Can you tell where in New York someone is from based on their accent? A new online survey is testing whether even native New Yorkers can tell the difference between the various accents that exist in the city's five boroughs.
As we’ve looked at previously, Americans aren’t especially great at differentiating between regionally-specific accents, and now a professor from Reed College is putting that to the ultimate test. Developed by Assistant Professor of Linguistics Kara Becker, the online quiz lets participants listen to a trio of short lines of dialogue spoken by a different person from either Manhattan, Queens, The Bronx, Brooklyn, or Staten Island. After listening to a clip, you are asked to choose which borough you think the speaker’s accent hails from.
The quiz also asks you whether you are a native New Yorker, meaning you were born or raised in the city, pitting the ears of non-natives against those of transplants and tourists. After you answer each of the questions, you can see how many other participants voted like you did. Then, at the end of the quiz, the quiz reveals where each of the speakers is actually from, and, having taken the quiz ourselves, it's probably safe to say that neither natives nor transplants are that good at picking out the accents of one's neighbors.
The study behind the quiz hopes to shine a light on whether or not there is even such a thing as a borough accent. To check it out yourself, go here!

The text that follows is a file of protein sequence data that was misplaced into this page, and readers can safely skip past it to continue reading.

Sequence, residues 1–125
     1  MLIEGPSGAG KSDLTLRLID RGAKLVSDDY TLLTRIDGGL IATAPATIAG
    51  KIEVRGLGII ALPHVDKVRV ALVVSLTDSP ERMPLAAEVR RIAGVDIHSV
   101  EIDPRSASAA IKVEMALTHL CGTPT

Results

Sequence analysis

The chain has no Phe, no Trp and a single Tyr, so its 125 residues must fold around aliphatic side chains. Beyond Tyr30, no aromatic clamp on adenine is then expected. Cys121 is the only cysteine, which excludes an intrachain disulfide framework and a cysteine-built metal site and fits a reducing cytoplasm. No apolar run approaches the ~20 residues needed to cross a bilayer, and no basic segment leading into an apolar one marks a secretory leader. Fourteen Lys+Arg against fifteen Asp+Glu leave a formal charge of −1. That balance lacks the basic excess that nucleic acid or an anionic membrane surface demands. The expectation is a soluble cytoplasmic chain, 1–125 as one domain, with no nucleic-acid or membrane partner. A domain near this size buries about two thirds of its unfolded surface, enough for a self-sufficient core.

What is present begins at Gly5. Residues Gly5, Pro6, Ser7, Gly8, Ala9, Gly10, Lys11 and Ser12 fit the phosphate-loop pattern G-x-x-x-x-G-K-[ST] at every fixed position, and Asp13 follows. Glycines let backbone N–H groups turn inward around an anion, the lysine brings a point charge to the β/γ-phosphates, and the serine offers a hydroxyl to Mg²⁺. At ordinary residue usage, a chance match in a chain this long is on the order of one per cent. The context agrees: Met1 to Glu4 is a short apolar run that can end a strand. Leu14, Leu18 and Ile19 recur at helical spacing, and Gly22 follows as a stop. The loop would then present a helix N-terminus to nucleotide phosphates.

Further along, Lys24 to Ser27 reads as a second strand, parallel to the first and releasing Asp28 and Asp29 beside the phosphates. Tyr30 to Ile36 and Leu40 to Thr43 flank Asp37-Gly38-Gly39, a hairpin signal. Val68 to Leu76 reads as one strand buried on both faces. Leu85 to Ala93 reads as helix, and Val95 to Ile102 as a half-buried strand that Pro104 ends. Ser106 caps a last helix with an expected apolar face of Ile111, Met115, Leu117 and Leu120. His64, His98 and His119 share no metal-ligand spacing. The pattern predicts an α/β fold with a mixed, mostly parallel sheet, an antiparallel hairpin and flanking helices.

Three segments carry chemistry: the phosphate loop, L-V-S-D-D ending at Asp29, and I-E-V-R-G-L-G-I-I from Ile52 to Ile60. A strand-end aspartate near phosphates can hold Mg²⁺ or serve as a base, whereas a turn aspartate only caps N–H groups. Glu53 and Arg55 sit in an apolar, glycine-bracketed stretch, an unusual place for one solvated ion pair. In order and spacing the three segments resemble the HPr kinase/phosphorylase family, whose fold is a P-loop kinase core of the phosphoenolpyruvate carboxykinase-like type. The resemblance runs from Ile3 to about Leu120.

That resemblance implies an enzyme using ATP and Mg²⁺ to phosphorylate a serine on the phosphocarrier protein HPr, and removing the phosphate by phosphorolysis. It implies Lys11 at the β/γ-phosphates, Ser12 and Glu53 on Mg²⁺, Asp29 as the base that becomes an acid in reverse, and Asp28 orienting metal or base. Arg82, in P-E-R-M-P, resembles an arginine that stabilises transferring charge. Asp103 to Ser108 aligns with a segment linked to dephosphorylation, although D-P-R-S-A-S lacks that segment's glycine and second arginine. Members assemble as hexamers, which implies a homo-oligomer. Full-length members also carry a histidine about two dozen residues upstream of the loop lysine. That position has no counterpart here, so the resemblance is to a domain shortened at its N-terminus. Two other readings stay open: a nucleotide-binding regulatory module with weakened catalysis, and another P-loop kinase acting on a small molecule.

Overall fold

I'd say it's because of doctrinare belief that the only way to stop climate change is to stop emitting carbon. I believe you'd make far more headway if you said that instead of a carbon tax, you had to transfer money to those who design and maintain carbon sinks. That would give people more incentive to create the technology to remove CO2 from the air, and to not cut down forests, etc.
@kazriko Your proposal is about as sensible as letting everybody take your stuff and then hiring people to look for it after a week. It will create costs and employment for looking. But you won't end up with much stuff. Not using the 100x more expensive technology isn't doctrinaire.
You're not going to make any headway with the idea that everyone must immediately stop all of the things that make them healthy, prosperous, and happy though. The technology is only expensive because nobody has put money into the research and development of it. Even the drastic step of stopping emissions does nothing whatsoever for the problem because you have to do something about what is already in the air. If you want to actually solve the problem, then funding this research is the only way to actually do it.
Ahm, it's a carbon tax, like a sales tax, it won't 'stop all of the things that make [people] healthy, prosperous, and happy' any more than current sales taxes do. You might as well suggest people not be allow to take all the stuff they see that makes them happy. It's only expensive since property is theft. And if people could take what makes them happy, companies would do research on how to make more cheaply. Maybe the gov should fund research on that instead of wasting it on police. On a less sarcastic note, your view just does't work if you try to write out any basic cost functions based on any input-output technologies. There may be an escape if we get really cheap non-carbon energy, but that's about it. Paying people to put carbon back in the ground if you don't tax others as least as much to take it back out is about as reasonable as say Venezuela buying gasoline on the open market to sell it to 'users' at 10 cents/gallon (who then sell it right back). It may be how the politics play out (see your first sentence), but it doesn't end well (or it needs to be sustained by rationing -- which is where any implementation of your proposal is going).